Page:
On song, learning, and performance in the Prioress’s Tale, see Holsinger and Donavin (above).
 Foundational texts are Augustine’s commentary on Psalm 148 in the Confessions, and Basil’s commentary on the same psalm in the Hexaemeron.
 See Mitchell (above) on the singing boy as automaton in Becoming Human: The Matter of the Medieval Child.
 Lavezzo (above) shows how important Jewish moneylending was to the building of Christian churches despite the Church’s prohibition on usury and its demonization of Jewish usurers.
 It is this feature of rhyme royal that makes it useful for retelling saints’ lives, such as the Second Nun’s Tale of St. Cecilia, or romance, such as the Man of Law’s Tale about the itinerant princess Constance, or the Clerk’s Tale, a rags-to-riches story with a long-suffering heroine.
453 O Lord, oure Lord, thy name how merveillous Oh Lord, our Lord, how marvelous thy name
454 Is in this large world ysprad -- quod she -- Is spread in this large world -- said she --
455 For noght oonly thy laude precious For not only thy precious praise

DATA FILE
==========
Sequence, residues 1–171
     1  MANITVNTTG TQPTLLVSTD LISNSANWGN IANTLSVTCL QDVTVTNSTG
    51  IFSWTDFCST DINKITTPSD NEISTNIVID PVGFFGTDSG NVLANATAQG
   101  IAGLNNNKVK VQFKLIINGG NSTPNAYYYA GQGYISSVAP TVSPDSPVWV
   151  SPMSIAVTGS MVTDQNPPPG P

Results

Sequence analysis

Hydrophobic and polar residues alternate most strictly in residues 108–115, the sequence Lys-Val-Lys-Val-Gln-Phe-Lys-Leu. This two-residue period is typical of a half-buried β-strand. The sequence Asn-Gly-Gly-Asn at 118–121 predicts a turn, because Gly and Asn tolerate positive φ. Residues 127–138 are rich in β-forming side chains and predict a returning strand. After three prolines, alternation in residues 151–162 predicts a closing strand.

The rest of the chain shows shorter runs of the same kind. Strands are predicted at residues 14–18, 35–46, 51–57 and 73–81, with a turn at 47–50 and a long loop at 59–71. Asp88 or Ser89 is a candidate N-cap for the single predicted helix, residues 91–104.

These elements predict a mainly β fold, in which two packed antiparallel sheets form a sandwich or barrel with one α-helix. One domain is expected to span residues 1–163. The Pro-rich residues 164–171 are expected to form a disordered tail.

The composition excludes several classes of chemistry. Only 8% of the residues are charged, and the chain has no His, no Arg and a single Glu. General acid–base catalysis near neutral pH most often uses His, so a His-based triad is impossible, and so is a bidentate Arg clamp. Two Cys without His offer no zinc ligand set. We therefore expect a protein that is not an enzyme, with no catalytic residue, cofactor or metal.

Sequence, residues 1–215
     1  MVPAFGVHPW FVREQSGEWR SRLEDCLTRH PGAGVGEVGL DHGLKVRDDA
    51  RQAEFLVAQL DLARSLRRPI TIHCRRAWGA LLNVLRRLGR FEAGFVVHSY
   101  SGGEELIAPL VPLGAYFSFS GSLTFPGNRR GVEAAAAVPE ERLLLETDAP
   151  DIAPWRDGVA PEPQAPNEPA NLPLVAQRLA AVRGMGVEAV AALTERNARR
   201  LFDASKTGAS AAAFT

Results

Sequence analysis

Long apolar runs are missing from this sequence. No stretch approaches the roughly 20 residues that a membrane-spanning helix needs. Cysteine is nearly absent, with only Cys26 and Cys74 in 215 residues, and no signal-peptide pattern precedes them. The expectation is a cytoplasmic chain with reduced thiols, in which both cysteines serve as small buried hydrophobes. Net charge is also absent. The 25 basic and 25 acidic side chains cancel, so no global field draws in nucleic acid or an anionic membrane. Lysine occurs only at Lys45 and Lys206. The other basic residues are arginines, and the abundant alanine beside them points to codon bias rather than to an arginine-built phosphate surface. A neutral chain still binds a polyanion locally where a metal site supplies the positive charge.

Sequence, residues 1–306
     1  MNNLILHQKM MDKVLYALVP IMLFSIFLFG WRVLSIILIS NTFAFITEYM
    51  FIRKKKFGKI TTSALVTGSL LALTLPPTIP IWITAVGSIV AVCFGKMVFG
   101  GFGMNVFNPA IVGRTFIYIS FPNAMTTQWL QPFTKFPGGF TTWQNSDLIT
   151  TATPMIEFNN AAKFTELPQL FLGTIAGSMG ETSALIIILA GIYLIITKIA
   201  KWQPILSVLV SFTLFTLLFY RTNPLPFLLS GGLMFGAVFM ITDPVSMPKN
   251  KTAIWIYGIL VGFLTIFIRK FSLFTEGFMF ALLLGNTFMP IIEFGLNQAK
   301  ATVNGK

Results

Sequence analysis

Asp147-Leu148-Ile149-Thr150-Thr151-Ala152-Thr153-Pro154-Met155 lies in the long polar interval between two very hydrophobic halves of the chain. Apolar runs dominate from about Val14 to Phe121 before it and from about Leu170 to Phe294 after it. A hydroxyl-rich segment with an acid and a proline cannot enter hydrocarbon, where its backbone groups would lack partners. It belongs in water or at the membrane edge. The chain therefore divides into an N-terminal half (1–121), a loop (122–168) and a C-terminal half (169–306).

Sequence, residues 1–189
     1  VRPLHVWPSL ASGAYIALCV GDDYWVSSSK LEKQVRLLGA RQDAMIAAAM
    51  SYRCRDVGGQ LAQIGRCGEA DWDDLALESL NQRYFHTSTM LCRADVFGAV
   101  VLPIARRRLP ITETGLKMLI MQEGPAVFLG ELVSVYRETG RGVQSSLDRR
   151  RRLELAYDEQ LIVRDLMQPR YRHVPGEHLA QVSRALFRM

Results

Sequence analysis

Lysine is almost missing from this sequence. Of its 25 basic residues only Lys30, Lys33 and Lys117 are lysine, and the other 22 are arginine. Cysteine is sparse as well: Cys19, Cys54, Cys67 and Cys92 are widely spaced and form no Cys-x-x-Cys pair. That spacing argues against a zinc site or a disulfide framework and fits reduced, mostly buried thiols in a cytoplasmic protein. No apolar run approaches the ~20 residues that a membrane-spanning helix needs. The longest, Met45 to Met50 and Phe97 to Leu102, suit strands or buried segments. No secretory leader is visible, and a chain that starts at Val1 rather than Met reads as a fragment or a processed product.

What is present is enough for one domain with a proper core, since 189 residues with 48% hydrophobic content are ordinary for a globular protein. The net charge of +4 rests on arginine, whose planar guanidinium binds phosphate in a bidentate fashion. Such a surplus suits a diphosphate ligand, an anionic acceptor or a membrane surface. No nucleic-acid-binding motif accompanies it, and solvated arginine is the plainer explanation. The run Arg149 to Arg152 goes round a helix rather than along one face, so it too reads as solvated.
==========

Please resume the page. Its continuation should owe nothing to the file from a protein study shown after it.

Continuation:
456 Parfourned is by men of dignitee, Is performed by men of dignity,
457 But by the mouth of children thy bountee But by the mouths of children thy goodness
458 Parfourned is, for on the brest soukynge Is made known, for on the breast sucking
459 Somtyme shewen they thyn heriynge. Sometimes they show thy praise.
460 Wherfore in laude, as I best kan or may, Therefore in praise, as I best know how or can,
461 Of thee and of the white lylye flour Of thee and of the white lily flour
462 Which that the bar, and is a mayde alway, That bore thee, and is a maid always,
463 To telle a storie I wol do my labour; To tell a story I will do my labor;
464 Nat that I may encressen hir honour, Not that I may increase her honor,
465 For she hirself is honour and the roote For she herself is honor and the root
466 Of bountee, next hir Sone, and soules boote. Of goodness, next to her Son, and soul's remedy.
467 O mooder Mayde, O mayde Mooder free! Oh mother Maiden, Oh generous maiden and Mother!